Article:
Mozilla also created a “universal charset detector” that’s designed to handle the detection of charsets to use in their browser. The linked paper above is an interesting read because it uses statistical analysis and the properties of certain character sets to figure out the likelihood of a given piece of text being a certain encoding. This includes using statistical text analyses of the distribution of Chinese/Japanese/Korean ideographs to help determine which encoding is in use.

Because it’s a statistical method, charset detection works better with larger samples of data. This is why encoding detection can get wonky for very short texts, like tweets. This is especially true if the tweet uses informal language and slang that may skew away from the base corpus data used to build the detector.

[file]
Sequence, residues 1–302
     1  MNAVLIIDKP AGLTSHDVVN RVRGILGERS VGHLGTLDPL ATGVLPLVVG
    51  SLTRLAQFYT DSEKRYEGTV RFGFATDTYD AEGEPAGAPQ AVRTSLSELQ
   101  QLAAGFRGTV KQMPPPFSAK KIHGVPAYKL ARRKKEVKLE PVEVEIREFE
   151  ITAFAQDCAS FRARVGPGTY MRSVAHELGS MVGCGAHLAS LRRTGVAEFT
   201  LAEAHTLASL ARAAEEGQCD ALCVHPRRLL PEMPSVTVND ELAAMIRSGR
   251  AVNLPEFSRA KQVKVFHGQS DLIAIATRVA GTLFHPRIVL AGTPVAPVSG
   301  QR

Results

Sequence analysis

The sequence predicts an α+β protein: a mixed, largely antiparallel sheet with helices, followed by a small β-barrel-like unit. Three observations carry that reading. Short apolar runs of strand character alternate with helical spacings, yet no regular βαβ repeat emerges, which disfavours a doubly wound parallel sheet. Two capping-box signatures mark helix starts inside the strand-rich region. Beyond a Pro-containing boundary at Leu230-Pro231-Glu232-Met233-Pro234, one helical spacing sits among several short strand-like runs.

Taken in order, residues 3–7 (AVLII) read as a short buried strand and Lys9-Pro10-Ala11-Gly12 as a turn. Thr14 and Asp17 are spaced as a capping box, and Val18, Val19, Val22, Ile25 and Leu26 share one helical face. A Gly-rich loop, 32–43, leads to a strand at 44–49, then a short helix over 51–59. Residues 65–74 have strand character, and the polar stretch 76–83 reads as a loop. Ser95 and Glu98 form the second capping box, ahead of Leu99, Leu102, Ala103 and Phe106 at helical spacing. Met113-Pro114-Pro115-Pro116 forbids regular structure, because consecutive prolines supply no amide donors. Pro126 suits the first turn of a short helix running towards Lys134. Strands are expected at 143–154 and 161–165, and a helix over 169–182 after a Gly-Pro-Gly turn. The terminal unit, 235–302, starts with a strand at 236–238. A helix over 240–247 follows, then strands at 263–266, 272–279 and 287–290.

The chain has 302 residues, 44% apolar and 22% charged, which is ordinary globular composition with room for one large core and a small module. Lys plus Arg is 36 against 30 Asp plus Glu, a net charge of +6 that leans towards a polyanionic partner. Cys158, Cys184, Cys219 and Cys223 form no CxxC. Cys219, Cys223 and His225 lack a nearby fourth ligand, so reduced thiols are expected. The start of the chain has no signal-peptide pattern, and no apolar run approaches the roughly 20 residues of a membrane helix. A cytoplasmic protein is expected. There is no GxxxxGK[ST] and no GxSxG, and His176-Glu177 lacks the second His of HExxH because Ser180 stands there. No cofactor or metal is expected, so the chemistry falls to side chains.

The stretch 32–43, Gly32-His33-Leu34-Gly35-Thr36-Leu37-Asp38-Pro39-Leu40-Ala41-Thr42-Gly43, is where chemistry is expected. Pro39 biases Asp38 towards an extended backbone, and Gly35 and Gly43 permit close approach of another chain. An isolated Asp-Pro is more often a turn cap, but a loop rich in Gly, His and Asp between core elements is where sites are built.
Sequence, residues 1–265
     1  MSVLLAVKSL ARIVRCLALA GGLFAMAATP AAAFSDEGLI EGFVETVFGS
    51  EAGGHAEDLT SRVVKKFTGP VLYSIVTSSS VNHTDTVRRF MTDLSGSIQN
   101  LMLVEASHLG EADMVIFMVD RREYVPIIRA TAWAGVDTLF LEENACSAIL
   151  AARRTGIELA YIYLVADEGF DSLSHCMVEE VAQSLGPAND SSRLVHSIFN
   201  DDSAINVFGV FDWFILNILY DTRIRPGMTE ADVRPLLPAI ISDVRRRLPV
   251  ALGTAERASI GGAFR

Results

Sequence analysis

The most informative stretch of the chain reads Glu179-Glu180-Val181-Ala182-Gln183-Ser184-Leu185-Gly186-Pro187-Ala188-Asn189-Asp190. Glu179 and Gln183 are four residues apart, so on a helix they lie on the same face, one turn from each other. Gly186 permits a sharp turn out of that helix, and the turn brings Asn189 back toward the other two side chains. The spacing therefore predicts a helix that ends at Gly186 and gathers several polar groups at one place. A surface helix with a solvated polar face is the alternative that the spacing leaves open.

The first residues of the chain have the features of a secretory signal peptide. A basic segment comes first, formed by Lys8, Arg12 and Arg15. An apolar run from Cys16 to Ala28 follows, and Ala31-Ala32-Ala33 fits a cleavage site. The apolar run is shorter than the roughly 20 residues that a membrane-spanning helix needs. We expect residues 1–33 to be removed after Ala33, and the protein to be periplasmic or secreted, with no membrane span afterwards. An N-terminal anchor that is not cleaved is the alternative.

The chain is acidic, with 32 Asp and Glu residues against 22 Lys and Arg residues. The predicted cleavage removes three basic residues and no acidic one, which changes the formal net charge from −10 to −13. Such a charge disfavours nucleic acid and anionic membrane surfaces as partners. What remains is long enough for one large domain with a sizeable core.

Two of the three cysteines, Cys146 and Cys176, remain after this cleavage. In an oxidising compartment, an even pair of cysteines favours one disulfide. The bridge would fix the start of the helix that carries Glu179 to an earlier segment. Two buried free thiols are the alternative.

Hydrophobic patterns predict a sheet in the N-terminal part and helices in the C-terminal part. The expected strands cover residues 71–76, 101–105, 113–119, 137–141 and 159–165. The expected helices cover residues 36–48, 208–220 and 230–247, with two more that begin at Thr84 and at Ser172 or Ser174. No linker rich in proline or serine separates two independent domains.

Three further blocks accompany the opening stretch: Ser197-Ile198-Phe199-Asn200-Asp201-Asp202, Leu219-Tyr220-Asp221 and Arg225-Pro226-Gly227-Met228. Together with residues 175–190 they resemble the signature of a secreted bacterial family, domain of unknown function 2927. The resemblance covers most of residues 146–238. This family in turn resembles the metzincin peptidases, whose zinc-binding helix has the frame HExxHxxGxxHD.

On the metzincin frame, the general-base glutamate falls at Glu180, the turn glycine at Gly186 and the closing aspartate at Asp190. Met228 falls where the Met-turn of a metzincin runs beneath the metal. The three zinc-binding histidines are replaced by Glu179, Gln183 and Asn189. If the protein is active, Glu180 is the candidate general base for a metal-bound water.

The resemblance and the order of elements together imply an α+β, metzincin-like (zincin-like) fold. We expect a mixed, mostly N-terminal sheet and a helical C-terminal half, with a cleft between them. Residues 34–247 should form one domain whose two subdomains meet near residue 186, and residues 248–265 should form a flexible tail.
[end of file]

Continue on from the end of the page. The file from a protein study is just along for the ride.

Since detection isn’t guaranteed to work, we should always strive to send data with the charset clearly defined. We should also be very skeptical and wary when we have data where the encoding isn’t explicit.

Python 3 stores strings internally as Unicode — they have a separate byte() type that can store actual binary encoded instances of strings. So, in the examples below, I can force a given string into various encodings and run it through the built-in character set detector. Let’s see what happens.

#Example using Python 3, Pure ASCIIIn : import chardet #character detection library
In : s = 'A sample sentence' #uses only ASCII characters
In : chardet.detect(s.encode('cp1252'))
Out: {'encoding': 'ascii', 'confidence': 1.0, 'language': ''}
In : chardet.detect(s.encode('cp932'))